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Enuresis (say “en-yur-ee-sis”) is the loss of bladder control that leads to the release of urine. Nocturnal enuresis is also called “bed-wetting,” because it happens during the night while a child is sleeping.

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Some of the causes of bed-wetting include the following: First, your doctor will ask questions about your child's daytime and nighttime bathroom habits.

Then your doctor will do a physical exam and probably a urine test (called a urinalysis).

It also helps to know that they can get “better” faster if everyone (the child, the family and your doctor) works together.

When your child has some dry nights, he or she will begin to feel better.

Behavior therapy is a treatment that doesn't use medicine. Some kinds of behavior therapy are motivational therapy, behavior conditioning, bladder-training exercises, and diet changes (limiting caffeine, dairy products, and citrus fruits or juices).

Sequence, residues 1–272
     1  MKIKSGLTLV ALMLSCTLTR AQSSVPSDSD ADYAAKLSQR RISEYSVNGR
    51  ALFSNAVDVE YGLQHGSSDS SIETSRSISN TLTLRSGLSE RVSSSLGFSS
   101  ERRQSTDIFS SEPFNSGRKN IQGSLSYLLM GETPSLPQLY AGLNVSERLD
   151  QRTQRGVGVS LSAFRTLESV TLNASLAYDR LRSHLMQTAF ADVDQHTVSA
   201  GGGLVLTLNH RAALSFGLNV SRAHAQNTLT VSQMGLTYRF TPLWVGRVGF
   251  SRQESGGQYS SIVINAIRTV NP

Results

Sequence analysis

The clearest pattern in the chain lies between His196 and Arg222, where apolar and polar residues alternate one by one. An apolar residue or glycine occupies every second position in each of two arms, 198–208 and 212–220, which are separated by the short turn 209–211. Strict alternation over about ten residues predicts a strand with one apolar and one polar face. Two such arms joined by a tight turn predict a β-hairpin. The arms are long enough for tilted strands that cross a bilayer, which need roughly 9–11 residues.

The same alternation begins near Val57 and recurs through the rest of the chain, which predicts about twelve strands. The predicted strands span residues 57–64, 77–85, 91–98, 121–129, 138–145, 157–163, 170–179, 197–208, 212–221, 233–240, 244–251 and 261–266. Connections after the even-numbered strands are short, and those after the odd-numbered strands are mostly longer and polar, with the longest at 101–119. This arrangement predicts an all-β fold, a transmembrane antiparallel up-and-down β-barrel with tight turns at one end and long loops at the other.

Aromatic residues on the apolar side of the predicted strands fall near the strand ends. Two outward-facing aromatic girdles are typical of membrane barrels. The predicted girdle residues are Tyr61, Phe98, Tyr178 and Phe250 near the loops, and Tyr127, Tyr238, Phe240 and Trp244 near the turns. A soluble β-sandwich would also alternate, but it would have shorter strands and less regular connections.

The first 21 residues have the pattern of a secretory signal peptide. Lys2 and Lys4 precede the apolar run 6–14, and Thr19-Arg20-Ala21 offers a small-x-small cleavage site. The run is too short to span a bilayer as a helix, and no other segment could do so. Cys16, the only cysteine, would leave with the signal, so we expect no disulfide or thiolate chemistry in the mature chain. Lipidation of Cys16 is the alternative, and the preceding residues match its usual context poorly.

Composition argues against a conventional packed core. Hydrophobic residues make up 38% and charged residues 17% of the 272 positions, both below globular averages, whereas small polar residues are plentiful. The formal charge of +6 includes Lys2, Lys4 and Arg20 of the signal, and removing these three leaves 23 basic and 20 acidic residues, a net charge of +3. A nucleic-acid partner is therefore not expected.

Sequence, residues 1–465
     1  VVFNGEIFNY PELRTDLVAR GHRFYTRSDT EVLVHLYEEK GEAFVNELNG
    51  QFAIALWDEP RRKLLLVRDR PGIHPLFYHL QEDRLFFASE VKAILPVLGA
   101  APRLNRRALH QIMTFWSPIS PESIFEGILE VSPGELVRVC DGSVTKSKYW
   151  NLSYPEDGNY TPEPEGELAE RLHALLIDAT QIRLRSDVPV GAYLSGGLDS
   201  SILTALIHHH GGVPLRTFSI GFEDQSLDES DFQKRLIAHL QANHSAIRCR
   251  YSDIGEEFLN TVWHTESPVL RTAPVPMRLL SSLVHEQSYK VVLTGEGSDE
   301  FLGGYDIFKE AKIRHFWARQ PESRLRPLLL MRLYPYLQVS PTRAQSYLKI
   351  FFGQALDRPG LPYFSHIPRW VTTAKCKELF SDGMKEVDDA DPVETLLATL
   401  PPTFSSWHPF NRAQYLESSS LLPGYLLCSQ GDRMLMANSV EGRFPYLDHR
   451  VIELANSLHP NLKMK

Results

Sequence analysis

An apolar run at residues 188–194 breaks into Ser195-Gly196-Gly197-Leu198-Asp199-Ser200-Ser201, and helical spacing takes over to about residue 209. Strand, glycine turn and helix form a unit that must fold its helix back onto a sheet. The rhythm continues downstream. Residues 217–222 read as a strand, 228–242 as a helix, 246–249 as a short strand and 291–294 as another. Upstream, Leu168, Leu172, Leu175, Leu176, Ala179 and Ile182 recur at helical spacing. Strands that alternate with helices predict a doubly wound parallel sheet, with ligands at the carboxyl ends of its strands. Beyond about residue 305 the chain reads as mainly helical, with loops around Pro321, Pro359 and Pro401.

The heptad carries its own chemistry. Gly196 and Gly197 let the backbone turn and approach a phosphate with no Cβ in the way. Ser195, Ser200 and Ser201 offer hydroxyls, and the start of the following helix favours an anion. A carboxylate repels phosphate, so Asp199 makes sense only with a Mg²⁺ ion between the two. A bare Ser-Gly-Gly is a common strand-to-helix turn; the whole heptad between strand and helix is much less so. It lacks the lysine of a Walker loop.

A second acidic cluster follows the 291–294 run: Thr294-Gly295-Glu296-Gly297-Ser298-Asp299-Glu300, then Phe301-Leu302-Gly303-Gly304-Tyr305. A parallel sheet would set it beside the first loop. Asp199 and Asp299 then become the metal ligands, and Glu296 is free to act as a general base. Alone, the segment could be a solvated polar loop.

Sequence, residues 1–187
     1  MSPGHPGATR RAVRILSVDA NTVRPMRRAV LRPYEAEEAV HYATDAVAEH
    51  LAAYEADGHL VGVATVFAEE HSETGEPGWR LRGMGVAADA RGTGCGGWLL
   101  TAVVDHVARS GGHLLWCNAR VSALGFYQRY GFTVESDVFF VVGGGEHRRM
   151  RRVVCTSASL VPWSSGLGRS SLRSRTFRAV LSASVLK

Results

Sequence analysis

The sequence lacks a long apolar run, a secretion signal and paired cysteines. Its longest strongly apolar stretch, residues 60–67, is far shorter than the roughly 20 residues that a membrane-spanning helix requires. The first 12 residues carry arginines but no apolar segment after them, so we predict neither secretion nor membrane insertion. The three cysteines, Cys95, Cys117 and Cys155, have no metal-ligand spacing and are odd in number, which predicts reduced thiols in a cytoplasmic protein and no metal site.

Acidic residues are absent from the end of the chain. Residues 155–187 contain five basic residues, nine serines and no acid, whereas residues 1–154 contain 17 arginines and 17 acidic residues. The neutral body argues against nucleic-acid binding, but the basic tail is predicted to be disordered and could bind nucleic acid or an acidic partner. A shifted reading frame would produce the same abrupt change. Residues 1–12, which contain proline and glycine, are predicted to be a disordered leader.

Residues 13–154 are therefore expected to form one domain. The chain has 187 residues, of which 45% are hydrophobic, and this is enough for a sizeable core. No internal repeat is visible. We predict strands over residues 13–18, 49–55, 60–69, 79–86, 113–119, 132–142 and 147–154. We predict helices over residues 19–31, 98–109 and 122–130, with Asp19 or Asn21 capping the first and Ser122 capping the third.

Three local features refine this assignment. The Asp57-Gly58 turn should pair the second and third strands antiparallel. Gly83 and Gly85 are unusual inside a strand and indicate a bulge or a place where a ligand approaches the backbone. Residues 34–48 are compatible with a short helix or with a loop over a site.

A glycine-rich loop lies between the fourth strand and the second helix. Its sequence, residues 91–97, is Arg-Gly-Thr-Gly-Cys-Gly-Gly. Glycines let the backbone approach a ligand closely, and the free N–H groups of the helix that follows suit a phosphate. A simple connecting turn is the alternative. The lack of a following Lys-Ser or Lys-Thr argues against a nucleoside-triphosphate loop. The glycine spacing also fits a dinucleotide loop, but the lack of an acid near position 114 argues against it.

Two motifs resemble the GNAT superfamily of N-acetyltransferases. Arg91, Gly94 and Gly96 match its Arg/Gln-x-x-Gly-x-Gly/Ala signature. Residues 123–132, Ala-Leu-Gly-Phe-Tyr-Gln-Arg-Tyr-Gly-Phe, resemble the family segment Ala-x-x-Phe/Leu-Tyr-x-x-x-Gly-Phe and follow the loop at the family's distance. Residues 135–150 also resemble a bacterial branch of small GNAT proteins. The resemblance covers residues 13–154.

Because bed-wetting is a very emotionally stressful problem for older children, your doctor might also suggest counseling.Copyright © 1999 by the American Academy of Family Physicians. A person viewing it online may make one printout of the material and may use that printout only for his or her personal, non-commercial reference.This material may not otherwise be downloaded, copied, printed, stored, transmitted or reproduced in any medium, whether now known or later invented, except as authorized in writing by the AAFP.Your doctor may give your child medicine if your child is seven years of age or older and if behavior therapy hasn't worked. It's true that your child should take responsibility for bed-wetting (this could mean having your child help with the laundry), but your child shouldn't be made to feel guilty about something he or she can't control.It's important for your child to know that bed-wetting isn't his or her “fault.”It may help your child to know that no one knows the exact cause of bed-wetting, but that it tends to run in families (for example, if you wet the bed as a child, you should share that information with your child).This treatment may work better if your family uses positive reinforcement (such as verbal praise) and reward systems to help your child keep track of his or her progress. The alarm rings or buzzes when your child first begins to wet the bed. This gets him or her into the habit of waking up in the night to go to the bathroom.